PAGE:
The company's intention could be ascertained only when the company in a general
body or at the meeting of the board or in accordance with the memorandum or
articles of association has expressed that intention in the form in which it
should be expressed.”
However, the Calcutta High
Court in a series of cases did not apply the attribution principles adopted by
the Bombay High Court. In Sunil Chandra
v. Krishna Chandra Nath
[AIR 1949 Cal 689] the Calcutta High Court acquitted a bank, on the basis that a company cannot be said to possess mens rea to cheat. In Kusum Products
v. S.K Sinha
, [1980 126 ITR
804 Cal.] it held that a company being a juristic person could not be
The Supreme Court in 1997
in MV Javali
v. Mahajan Borewell
CTR (SC) 320] further held that mandatory sentence of imprisonment and fine is
to be imposed where it can be imposed, but where it cannot be imposed namely,
on a company, fine will be the only punishment. This ‘One Size Fits All’
approach was dismissed, in the Asst.
v. Velliappa Textiles
[(2003) 11 SCC 405] where the Supreme Court held that since company is an
artificial person, it cannot be physically punished to a term of imprisonment.
But the court also held that where the statute provides for imprisonment or fine, it is not a problem, but
where the statute provides for imprisonment and
fine, the court is not given the discretion to impose fine in lieu of
Supreme Court in the case of Standard Chartered Bank
[AIR 2005 SC 2622]
without making any reference to doctrine of attribution held that a company can
be prosecuted for offences which are punishable with mandatory imprisonment.
However, the Court left open the question of whether a company could be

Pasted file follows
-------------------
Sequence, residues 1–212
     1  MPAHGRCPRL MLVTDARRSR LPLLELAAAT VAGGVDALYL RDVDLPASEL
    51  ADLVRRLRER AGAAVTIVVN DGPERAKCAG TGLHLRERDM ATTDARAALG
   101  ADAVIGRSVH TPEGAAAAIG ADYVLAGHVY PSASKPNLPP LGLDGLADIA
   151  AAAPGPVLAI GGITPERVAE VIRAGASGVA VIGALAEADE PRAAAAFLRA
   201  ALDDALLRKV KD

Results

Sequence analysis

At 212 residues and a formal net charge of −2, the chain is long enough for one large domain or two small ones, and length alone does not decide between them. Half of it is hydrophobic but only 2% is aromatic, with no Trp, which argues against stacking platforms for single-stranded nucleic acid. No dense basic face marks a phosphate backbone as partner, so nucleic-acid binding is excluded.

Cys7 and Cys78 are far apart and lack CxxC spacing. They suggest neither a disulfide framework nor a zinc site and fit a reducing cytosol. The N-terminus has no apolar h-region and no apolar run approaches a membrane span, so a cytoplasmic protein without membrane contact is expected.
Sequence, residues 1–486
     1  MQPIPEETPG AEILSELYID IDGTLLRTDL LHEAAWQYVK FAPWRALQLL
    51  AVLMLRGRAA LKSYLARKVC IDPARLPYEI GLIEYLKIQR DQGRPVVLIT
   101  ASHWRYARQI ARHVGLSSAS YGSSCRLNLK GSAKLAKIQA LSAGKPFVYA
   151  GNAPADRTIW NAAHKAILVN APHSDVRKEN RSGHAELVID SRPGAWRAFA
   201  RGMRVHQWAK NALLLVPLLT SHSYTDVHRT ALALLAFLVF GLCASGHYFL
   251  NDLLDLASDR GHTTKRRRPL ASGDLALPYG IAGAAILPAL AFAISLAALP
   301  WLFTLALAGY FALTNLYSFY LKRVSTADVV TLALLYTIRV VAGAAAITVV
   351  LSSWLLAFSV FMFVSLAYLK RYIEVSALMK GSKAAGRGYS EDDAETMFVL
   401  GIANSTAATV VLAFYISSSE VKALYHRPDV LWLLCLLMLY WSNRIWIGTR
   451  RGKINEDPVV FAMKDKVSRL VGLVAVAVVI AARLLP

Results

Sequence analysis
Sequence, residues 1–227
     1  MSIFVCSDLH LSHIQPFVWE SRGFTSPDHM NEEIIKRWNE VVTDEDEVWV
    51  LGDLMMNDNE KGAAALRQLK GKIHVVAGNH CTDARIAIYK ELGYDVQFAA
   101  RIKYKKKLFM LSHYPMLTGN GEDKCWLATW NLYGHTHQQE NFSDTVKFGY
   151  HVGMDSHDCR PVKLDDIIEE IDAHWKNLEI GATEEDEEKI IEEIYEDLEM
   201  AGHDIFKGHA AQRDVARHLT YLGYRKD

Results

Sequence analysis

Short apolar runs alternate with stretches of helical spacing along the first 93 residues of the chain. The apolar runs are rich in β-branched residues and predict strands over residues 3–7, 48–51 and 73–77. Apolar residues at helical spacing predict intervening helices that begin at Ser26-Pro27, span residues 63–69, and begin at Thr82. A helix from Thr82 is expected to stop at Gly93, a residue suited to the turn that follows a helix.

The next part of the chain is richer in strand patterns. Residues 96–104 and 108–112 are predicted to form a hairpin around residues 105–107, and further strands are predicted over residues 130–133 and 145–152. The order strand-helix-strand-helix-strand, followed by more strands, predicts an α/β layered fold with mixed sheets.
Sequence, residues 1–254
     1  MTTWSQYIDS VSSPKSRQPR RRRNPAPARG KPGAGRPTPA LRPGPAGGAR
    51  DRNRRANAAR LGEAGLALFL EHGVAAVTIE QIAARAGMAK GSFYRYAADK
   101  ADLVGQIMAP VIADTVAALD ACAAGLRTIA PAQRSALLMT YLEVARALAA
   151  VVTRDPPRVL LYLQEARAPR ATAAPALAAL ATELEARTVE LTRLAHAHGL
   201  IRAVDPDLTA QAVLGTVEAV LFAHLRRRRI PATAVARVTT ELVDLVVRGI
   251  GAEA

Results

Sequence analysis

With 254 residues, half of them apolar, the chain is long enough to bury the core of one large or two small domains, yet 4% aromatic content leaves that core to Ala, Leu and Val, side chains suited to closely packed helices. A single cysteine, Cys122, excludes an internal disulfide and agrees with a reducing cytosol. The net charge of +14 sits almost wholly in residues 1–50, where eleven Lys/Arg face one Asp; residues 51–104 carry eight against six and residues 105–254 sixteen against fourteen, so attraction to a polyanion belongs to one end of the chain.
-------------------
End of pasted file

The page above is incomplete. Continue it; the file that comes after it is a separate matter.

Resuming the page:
punished for crimes requiring mens rea. Hence, till the pronouncement of
Apex Court ruling in the Iridium case, there were conflicting judgments
of various High Courts on attribution of criminal intent to a company.
Deadlock resolved by Iridium
The Supreme Court in the Iridium case discussed the doctrine of
attribution, not to adjudge the liability of the directors, but to determine
the liability of the corporation. The Apex Court held that
criminal liability of corporations would arise when the offence is
committed in relation to the business by a person or body of persons in control
of its affairs and when the degree of control is such that a body or body of
persons can be said to be its ‘directing mind and will’. The Court also held
that such mens rea would be
attributable to the corporation on the principle of ‘alter ego’ and upheld its
earlier decision in the Standard
Chartered case discussed supra.
Thereby, the Apex Court has finally resolved the position regarding criminal
liability of corporations.
In the Iridium case, the Supreme Court discussed the doctrine of
attribution to determine the liability of Motorola Inc
. This doctrine is applicable not only for the acts committed by
the directors of the company, but also for the acts committed by the company
through its promoters, who are controlling the affairs of the company. The acid
test is to determine the ‘mind and will’ of the controlling person vis-à-vis
the controlled company and is valid even when two or more layers above the
controlled company exist.
It will be very interesting
to see how the doctrine is applied in cases such as the liability of a company
for misstatement or non-disclosure in an information memorandum issued in
connection with an offering of securities. Although the decision is an important
step in promoting the use of criminal sanction to regulate corporate behavior,
it is important to note that the Supreme Court did not throw light on the
methods by which mens rea of a
company can be proved. Moreover, the risk factors and disclaimers contained in
the Private Placement Memorandum in Iridium
were disregarded by the Apex Court even though these provisions seek to
pass on risks of uncertainty to the investors.
In conclusion, although the
decision clarifies the position on criminal liability of a company and the
possibility of criminal intent, the prosecution of officers of the company or
promoters for the criminal acts of a company would depend on the facts and
circumstances of each case and is not likely to be applied very widely.
[ The author is a Senior
Associate, Corporate Practice, Lakshmikumaran & Sridharan, Hyderabad
A.C. 705 HL. Also see Rudd v. Elder Dempster & Co. Ltd.,  1 KB 566.
1 Q.B. 159 CA